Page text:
Hartford Council Seeks State Help in Running Schools
After an hour of impassioned pleas from parents fed up with the Hartford, Conn., schools, the city council last week asked the mayor to declare a state of emergency and request state assistance in overhauling the district.
But whether Mayor Michael P. Peters would take such action, and what kind of role the state might play in the 24,000-student district, remained unclear.
The chronically low-performing Hartford schools have been in turmoil since January, when the school board ended the district's management contract with a private company, Education Alternatives Inc. of Minneapolis. (See Education Week, Jan. 31, 1996.)
Superintendent Eddie Davis then resigned to take another job. Nicholas LaRosa, an assistant superintendent in the district, took over last week as the acting superintendent.
"We want some action taken," said David McDonald, a parent activist involved with the group Educate Our Children Now, which urged the city council to pass the resolution. "We need to find a solution to our bureaucratic gridlock."
The resolution, passed on an 8-1 vote, calls on the mayor to declare a state of emergency and to ask Connecticut Gov. John G. Rowland to "use the emergency powers of the state" to make fundamental change in the schools.
Ted J. Carroll, the vice president of the school board, call the resolution "a political move" growing out of a budget dispute between the city and the school board.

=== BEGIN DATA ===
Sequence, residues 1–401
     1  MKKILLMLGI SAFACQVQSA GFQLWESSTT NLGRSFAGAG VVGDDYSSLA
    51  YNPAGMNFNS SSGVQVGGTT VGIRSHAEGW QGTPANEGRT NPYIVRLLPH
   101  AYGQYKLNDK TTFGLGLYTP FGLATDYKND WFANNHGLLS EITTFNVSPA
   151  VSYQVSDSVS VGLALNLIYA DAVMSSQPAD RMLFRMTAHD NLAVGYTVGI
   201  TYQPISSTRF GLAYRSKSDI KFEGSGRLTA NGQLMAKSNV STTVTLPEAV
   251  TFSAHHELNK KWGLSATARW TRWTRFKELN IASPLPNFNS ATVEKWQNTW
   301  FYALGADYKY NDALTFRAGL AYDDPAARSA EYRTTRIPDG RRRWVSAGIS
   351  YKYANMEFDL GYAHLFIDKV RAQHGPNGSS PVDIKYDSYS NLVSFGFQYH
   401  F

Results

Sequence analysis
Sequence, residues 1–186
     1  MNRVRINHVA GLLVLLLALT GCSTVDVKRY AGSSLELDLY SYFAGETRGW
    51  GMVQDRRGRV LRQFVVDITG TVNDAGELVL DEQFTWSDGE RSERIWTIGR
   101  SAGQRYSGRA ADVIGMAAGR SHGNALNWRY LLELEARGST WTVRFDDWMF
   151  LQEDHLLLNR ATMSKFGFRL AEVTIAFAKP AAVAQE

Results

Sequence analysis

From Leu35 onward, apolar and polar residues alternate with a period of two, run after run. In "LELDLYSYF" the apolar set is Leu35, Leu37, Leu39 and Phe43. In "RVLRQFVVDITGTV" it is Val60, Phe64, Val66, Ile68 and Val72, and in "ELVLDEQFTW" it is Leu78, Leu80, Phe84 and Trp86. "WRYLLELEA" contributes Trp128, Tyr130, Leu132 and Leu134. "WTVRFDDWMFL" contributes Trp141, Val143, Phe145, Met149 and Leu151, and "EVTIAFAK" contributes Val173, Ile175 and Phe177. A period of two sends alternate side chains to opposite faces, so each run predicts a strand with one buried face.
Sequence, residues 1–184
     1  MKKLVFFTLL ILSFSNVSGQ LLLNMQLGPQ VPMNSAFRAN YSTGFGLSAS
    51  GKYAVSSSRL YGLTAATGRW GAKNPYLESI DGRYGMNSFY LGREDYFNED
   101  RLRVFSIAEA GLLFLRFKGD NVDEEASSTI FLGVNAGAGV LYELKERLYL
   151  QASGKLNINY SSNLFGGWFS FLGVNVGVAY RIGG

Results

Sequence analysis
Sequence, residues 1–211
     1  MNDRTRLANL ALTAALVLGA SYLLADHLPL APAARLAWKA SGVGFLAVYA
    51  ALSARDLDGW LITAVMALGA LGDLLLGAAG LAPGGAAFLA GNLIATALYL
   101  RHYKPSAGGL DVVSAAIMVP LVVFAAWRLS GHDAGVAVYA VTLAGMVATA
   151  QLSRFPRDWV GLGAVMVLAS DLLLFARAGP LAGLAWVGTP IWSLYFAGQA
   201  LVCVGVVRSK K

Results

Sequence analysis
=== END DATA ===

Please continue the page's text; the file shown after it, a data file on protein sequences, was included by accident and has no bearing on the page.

"We remain very focused on our school-reform agenda," Mr. Carroll said. "We're moving forward."
Mayor Peters is expected to meet this week with the city's lawyer to determine whether he has the legal authority to declare a state of emergency.
'A Wake-up Call'
Mayors normally declare states of emergency to deal with riots or natural disasters, not with troubled government agencies. In Hartford, the Court of Common Council controls the school budget and recently has called for cuts.
Mayor Peters "agrees that the schools are in critical condition," said Paul D. Shipman, the executive assistant to the mayor. "The resolution should serve as a wake-up call for all parties involved."
Connecticut has a strong tradition of local control of schools, noted Thomas W. Murphy, a spokesman for the state education department. In addition, state legislators have been working to reduce the mandates placed on the state's 166 school boards.
Rather than seek powers for a heavy-handed takeover procedure, Mr. Murphy said, the department has been trying to forge "a focused support system" for Connecticut's urban districts.
Hartford, the state's largest school system, consistently ranks last in student achievement.
The education department has provided materials and training to help the city's teachers prepare their students to pass the Connecticut Mastery Test, Mr. Murphy said.